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Real Estate

Ordering condo plans, tax certificates money well spent

Due diligence and about $25 could have saved a world of aggravation surrounding a sizeable townhouse title mix-up, Toronto real estate lawyer Daniel Bernstein tells AdvocateDaily.com.

Bernstein, a founding member of Weltman Bernstein, says cases like the one recently detailed in a Toronto Star column are rare, yet still preventable.

The article details how the owners of 22 townhouses at the same development suddenly learned they didn’t own the homes they were living in. The titles to their townhouses, completed in 2003, were registered to other owners.

It’s going to take considerable time and money to sort out the 22 deeds, then discharge and re-register the mortgages with the correct information, says the Star.

Bernstein says he’s not sure how the mix-up happened, but his best guess is the builder, or lawyers for the builder, made a mistake in numbering the units at the outset. It appears nobody checked that the addresses matched the units on the plans as the townhouses were purchased.

Compounding the problem, some units have been sold and purchased more than once.

“It’s going to be a real mess as lawyers go back to old owners to sort out ownership and deeds,” says Bernstein.

A title search normally makes the seller’s name, unit number, building level number and property identification number clear, he says.

“But in this case where some of the original information was wrong, the problem could have been discovered by comparing the location of the units on the condominium plans with their descriptions on the deeds," Bernstein says.

“If a client is purchasing a specific unit number that is described on the condominium plan but upon viewing the plan, the client questions why the unit is located in a different area of the floor plan, then you’ve got a problem," he says.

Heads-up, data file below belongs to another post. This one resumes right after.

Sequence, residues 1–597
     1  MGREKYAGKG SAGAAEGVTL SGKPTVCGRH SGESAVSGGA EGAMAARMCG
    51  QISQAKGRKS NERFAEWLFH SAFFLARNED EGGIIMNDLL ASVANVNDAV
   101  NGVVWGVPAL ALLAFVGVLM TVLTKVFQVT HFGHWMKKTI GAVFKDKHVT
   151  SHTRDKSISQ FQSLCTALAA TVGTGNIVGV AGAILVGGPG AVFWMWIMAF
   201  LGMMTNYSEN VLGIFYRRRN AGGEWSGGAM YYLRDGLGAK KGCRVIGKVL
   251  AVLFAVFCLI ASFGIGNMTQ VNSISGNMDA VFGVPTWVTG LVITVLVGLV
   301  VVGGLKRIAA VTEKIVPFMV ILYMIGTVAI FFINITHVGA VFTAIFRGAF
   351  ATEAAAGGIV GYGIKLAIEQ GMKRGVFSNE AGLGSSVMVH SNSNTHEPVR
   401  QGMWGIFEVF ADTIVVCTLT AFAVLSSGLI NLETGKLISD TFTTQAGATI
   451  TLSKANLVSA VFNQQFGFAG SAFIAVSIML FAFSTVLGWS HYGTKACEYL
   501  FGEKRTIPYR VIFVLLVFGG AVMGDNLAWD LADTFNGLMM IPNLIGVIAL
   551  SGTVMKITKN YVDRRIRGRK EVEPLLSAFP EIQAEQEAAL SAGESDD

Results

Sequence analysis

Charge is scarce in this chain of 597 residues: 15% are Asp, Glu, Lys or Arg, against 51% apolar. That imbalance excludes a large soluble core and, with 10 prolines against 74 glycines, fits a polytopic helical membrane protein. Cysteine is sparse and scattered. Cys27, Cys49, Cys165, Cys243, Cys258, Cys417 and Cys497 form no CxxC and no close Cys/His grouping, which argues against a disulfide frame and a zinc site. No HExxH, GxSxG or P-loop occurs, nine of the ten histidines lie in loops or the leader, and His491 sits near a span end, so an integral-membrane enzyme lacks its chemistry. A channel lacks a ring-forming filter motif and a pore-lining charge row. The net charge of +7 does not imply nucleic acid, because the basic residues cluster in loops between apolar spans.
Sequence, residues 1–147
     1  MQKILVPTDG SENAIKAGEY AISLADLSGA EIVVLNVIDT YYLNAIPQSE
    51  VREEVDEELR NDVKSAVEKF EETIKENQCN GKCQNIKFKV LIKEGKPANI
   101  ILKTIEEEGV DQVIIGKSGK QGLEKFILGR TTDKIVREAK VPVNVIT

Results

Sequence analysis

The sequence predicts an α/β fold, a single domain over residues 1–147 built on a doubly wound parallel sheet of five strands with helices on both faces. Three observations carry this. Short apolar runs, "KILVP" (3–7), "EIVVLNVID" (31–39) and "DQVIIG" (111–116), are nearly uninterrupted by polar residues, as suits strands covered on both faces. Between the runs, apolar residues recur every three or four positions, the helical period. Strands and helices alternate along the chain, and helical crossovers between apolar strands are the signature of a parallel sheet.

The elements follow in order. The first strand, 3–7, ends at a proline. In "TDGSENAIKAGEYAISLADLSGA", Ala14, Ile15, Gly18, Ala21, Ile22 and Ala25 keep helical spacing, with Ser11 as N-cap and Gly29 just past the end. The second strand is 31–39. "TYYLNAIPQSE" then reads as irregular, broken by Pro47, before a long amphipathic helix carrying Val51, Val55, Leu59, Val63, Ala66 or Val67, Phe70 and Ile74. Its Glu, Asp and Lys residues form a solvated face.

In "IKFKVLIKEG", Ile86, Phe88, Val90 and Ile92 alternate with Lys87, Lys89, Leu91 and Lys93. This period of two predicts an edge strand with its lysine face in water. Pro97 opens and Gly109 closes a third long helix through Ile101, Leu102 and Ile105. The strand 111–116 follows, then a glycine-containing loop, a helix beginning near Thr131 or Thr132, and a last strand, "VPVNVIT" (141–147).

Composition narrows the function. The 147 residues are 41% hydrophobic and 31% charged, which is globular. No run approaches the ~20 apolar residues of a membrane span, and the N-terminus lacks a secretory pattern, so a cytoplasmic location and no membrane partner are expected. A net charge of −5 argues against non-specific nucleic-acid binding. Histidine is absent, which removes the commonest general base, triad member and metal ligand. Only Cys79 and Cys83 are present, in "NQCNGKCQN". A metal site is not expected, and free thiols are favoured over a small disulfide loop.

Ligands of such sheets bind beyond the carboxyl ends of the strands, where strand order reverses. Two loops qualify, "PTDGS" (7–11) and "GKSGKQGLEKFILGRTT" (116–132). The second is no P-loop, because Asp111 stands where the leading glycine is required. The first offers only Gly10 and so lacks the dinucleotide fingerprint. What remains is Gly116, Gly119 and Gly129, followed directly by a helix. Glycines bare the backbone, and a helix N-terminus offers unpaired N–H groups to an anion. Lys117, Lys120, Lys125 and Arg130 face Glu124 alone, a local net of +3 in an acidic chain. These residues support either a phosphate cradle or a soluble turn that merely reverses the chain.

When completing a condominium real estate purchase, Bernstein says he always orders condominium plan and uses a highlighter to outline the dwelling, parking space and locker being purchased. He shows it to his client and asks for confirmation that this is indeed what the buyer saw and expects to be purchasing.

The site plan costs $15, along with another $10 or so to have it delivered to his office. “It’s one click on the computer and the next day, all the plans are sent to you,” he says.

Bernstein says he believes he’s in the minority in making a habit of ordering plans, although he’s never had a situation in his practice where the condo unit information wasn’t correct. He maintains it’s money well spent.

He says unlike many colleagues, he also requests a tax certificate to confirm there are no arrears and to provide his clients with the dates the next installments are due.

“Title insurance companies will say if you get a declaration from the seller that the taxes are paid in full, you don’t have to get a tax certificate,” Bernstein says of the document, which typically costs between $60 to $90 to order. “That may be true, but how are you going to tell your client when his taxes are due?”

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